There are several ways to avoid this predicament, and turn social media from a scary proposition to a value-adding portion of your business. The first idea for small businesses to get their page off the ground is to run a promotion tied into engaging with your social media page. Offering a free round of mini golf if you show the cashier you have liked the company Facebook page, or giving away free dessert if you check-in to a restaurant on Facebook are great ways to gain followers for those new pages.
Secondly, on Facebook specifically there are ways for you to “boost” your posts, so that they will gain exposure and be seen by many people who do not currently like your page. You can target a specific audience, refining who will see your boosted post by location, age, gender, and interest. For a surprisingly small fee, you can guarantee that thousands of people will view your boosted post, and possibly “Like” your page because of it.
Facebook, however, is not the only relevant digital platform for small businesses. Review sites such as Yelp, or anywhere else your small business may be discussed online, are important websites to be aware of. With over 132 million monthly visitors, reviewing everything from dentists to bars to beauty salons, Yelp specifically is very important for small business’ online reputation. Despite this fact, 87% of small businesses do not take advantage of review sites. There are several things small businesses can do to make sure their image on Yelp and other review sites goes as smoothly as the user reviews will allow. Even more, most of these tasks are actually very basic. Simple activities such as claiming your business on Yelp, making sure all of the information (hours, address, etc.) is correct, and adding nice pictures to your profile will make a difference when potential customers look up your business. Once your business is claimed, you also have the ability to respond to customer reviews. This can become an extent of your customer service, as you can respond to the negative experiences of bad reviewers, and thank and appreciate those who leave positive reviews.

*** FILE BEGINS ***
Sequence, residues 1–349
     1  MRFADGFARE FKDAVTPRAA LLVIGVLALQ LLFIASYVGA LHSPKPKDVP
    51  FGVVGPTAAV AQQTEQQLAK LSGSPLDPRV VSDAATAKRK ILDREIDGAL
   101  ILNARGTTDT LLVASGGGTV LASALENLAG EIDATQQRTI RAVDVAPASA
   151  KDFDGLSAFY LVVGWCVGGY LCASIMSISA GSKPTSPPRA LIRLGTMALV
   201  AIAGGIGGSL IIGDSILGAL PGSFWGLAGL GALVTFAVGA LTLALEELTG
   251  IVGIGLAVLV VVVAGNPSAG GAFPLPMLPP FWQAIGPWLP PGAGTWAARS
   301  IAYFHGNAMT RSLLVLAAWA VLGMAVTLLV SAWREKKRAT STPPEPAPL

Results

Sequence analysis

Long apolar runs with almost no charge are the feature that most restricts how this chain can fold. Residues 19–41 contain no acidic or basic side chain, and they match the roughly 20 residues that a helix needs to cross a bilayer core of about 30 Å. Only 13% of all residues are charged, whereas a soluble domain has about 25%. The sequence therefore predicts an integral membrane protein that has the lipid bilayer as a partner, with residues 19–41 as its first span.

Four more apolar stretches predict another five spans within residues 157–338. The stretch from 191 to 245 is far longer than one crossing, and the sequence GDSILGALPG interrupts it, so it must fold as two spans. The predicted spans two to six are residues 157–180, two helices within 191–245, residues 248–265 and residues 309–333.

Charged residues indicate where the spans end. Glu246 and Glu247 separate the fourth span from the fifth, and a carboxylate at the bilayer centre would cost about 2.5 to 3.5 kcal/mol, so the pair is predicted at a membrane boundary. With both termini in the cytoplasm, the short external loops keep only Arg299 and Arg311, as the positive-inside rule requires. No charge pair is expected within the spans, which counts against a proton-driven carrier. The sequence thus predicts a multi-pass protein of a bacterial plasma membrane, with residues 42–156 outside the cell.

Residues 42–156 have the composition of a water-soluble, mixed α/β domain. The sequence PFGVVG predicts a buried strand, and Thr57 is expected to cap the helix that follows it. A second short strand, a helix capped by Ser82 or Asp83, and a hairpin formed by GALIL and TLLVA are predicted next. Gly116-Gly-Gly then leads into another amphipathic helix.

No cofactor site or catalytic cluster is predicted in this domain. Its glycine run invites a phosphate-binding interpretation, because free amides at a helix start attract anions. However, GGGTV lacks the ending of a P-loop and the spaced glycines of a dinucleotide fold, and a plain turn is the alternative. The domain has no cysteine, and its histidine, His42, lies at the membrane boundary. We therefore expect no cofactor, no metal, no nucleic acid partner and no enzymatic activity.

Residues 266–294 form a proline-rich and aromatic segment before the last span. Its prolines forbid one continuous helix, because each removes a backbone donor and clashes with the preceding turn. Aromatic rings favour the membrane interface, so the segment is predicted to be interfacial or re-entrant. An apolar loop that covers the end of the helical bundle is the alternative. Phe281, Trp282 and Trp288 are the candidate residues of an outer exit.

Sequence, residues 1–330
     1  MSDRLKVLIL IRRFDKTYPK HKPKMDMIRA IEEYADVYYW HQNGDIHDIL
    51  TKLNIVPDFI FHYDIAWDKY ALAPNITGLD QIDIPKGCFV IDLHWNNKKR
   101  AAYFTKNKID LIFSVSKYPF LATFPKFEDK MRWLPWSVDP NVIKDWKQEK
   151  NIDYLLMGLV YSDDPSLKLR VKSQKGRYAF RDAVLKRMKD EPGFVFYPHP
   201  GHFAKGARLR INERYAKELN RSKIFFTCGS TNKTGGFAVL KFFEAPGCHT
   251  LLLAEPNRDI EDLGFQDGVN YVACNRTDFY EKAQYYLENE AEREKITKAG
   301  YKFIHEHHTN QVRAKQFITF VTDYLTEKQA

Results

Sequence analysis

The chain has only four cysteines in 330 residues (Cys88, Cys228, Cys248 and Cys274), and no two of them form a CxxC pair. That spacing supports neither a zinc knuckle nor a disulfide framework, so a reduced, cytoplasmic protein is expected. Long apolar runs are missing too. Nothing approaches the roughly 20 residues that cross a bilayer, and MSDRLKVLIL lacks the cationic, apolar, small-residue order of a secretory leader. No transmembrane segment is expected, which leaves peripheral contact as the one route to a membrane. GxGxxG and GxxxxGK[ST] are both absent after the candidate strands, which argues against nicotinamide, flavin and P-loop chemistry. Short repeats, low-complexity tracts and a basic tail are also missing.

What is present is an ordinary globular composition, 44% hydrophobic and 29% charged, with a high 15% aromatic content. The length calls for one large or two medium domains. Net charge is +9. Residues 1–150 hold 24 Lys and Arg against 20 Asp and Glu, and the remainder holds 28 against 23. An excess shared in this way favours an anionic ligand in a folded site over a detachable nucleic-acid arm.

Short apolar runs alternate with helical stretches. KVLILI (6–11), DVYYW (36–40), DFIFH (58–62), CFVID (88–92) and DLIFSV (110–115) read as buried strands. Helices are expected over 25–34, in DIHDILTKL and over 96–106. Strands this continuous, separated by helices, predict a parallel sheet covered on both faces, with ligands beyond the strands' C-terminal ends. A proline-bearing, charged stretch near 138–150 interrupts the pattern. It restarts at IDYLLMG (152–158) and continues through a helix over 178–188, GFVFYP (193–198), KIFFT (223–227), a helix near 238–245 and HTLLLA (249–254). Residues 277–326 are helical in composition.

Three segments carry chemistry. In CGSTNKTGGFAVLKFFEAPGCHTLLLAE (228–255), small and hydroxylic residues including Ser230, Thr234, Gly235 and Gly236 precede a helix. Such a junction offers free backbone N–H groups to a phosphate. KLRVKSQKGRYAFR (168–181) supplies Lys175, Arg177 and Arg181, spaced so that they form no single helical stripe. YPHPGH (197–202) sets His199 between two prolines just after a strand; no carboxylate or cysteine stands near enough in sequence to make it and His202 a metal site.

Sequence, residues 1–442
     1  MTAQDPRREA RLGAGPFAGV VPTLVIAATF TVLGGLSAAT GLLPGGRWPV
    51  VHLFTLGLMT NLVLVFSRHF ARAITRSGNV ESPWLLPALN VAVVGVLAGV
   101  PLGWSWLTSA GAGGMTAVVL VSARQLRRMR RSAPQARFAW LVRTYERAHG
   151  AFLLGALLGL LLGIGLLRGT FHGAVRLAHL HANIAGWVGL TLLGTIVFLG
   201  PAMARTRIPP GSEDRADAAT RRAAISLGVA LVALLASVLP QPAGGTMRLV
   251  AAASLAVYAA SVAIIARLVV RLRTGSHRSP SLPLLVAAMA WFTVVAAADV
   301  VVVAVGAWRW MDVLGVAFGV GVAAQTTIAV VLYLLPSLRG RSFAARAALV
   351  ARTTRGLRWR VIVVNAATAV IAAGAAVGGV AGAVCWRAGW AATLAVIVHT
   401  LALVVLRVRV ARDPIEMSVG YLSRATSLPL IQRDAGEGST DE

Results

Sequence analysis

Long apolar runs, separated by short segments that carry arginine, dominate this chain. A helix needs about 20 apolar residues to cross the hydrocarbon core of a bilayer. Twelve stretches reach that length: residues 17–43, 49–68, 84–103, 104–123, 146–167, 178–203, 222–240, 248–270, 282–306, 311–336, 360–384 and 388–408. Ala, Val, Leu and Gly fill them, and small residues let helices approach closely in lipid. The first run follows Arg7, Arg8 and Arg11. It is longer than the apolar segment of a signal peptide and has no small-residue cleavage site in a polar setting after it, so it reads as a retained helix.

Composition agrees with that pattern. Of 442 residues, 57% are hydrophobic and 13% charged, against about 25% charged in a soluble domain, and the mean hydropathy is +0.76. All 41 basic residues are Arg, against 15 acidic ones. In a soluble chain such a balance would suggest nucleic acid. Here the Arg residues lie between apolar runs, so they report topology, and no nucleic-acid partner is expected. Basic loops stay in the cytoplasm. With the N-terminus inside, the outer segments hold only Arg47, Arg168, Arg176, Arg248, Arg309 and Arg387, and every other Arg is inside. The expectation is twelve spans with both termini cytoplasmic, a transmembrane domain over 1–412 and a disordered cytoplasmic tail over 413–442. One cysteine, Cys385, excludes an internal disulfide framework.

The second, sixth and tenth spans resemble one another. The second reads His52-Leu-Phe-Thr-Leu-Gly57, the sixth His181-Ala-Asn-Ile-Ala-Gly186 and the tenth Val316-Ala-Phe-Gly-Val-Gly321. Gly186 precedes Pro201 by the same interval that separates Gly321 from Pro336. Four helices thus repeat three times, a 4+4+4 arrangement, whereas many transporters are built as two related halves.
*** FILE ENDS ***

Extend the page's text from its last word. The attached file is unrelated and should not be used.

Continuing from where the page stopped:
There is much more small businesses can do to leverage their online positioning, but even for the overworked small business owner, these few steps are a must. Studies are increasingly showing that consumers are turning to online reviews before making purchase decisions, and this applies to almost every different small business industry. Once you have an established social media presence, things such as creating shareable content and engaging with users will allow these pages to continue to expand and benefit the bottom line. But to stay on top of emerging trends in digital business, the modern small business owner must take these steps and others to establish a positive online reputation, and leverage this in ways that will lead to more customers.